Inductors are components that can store energy in a magnetic field and then dissipate it at a later time. Inductance is a measure of how much energy an inductor can store and it is measured in Henrys (H). Inductors resist current changes by dropping or increasing the voltage across itself. They are NOT polarized.
Push-buttons and switches are mechanical devices that interrupt or divert current running through them. Basic push-buttons and are polarized while basic switches are not.
Diodes and Transistors (BJT/MOSFETS)
Diodes are components that allow current to only pass in one direction.
MOSFETs are electric components that act as electrically controlled switches. They can also be used to amplify signals. They ARE polarized.
Light Emitting Diodes
LEDs are small electric lights which use low voltages and currents. The orientation of the LED is important since it acts like a diode and only allows current to flow in one direction. Most LEDS also require a resistor (typically 470 Ω) in series with them because they will burn out almost instantly when they encounter high current. They ARE polarized.
IC (Integrated Circuit) Chips
IC chips contain small electrical circuits inside them to usually do one specific purpose. They can come in all shapes, sizes and specifications. Common IC chips that are used include comparators (they compare two different voltages), op-amps (they amplify low voltage signals) and timers (they switch between high and low voltages quickly to time other devices). The blank rectangular components on the Arduino are all IC chips. They ARE polarized.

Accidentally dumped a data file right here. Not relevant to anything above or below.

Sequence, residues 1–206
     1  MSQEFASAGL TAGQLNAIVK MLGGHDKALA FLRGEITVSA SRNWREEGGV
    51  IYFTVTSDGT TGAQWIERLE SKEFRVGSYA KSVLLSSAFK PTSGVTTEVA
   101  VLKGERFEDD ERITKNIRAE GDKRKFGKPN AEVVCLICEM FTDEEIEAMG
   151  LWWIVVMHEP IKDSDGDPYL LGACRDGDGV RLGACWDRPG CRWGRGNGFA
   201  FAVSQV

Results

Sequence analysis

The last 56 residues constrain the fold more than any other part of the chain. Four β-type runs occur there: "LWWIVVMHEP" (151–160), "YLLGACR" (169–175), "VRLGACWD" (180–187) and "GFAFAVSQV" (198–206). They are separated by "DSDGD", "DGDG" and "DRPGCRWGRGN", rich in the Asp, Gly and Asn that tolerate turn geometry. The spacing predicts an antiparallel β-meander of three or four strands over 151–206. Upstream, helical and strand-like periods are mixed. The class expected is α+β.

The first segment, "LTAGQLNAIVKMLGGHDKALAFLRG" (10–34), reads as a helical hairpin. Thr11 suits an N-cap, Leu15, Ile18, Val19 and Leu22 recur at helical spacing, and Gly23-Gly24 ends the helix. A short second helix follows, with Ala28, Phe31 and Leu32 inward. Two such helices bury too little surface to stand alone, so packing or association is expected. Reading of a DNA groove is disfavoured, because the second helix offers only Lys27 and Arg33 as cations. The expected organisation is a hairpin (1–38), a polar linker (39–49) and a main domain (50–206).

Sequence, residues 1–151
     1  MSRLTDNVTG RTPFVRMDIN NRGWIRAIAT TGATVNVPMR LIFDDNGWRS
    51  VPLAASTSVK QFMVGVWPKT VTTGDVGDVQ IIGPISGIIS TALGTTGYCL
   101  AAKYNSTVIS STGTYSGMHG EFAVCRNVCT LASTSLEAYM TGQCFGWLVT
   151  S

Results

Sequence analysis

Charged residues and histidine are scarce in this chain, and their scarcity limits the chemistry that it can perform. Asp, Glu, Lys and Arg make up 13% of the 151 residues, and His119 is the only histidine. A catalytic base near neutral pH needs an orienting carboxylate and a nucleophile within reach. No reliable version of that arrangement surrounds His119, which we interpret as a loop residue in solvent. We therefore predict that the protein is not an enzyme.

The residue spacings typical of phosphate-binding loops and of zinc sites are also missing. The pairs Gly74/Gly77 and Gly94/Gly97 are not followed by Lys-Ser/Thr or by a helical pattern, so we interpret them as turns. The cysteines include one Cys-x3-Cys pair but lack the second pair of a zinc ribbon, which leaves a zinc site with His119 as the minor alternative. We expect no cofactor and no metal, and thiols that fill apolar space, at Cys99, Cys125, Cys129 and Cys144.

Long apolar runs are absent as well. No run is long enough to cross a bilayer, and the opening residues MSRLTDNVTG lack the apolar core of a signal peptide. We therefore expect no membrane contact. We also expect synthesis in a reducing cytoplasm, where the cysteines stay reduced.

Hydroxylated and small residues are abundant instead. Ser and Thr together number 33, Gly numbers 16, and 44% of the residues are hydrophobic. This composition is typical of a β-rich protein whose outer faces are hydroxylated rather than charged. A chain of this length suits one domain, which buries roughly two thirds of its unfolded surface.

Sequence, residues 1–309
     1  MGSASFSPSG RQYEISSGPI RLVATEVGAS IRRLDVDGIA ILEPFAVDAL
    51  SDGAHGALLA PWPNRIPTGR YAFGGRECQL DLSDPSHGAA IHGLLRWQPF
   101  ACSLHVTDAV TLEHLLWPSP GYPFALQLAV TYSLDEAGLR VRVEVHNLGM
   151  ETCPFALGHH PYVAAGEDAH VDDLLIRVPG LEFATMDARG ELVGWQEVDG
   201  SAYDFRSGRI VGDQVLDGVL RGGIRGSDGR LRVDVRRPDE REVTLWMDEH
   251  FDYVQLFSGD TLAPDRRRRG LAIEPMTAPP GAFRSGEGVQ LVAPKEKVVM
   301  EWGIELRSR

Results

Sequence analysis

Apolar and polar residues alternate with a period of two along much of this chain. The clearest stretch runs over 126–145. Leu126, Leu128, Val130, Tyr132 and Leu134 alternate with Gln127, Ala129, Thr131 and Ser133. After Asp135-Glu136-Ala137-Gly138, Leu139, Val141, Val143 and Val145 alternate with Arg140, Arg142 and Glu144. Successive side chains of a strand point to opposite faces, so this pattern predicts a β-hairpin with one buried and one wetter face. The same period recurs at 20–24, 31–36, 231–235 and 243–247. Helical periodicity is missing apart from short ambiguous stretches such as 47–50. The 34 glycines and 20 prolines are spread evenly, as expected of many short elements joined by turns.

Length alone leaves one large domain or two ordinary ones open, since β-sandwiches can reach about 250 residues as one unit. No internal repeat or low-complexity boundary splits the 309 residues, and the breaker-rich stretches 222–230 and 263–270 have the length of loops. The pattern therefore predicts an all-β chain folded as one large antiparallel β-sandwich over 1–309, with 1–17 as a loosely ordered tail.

Analog vs. Digital Signals
An electrical signal is any quantifiable quantity that can carry information using electricity. Digital signals have two discrete states: LOW and HIGH. Generally speaking, most devices output a voltage level of 0V when the signal is LOW and 5V when the signal is HIGH. For example, a comparator can compare two signals and output 0V if the first signal is greater than the second or output 5V is the second signal is greater than the first.
Analog signals, on the other hand, can theoretically take on an infinite amount of voltage values. In reality, analog signals consist of a large range of numbers which are mapped to corresponding voltage values. For example, the Arduino can output a range of analog values from 0-1023 (corresponding to 0V-5V). This means the value 255 will have a voltage value of ~1.246V while the value 781 will have a value of ~3.817V. Many electronic components are inherently analog.
A microcontroller is a cheap, programmable computer without any of the peripherals such as a mouse, keyboard, or screen. Microcontroller boards have direct access to the input and output pins of its processing chip so that the user can directly read from sensors and perform actions. Microcontrollers are present in many electrical appliances like microwaves.
Arduino boards were designed to be easily programmed and assembled into larger projects. These boards come in many shapes and sizes and some contain additional features such as WiFi or Bluetooth connectivity. Different boards can also have different features such as processing speed and memory size.
This lab will be using an Arduino UNO board created by SparkFun called a RedBoard.
Reset Button: Restarts the Board
USB Connector: Provides power and connect it to the computer
Pin 13 LED: Usable LED without making an LED circuit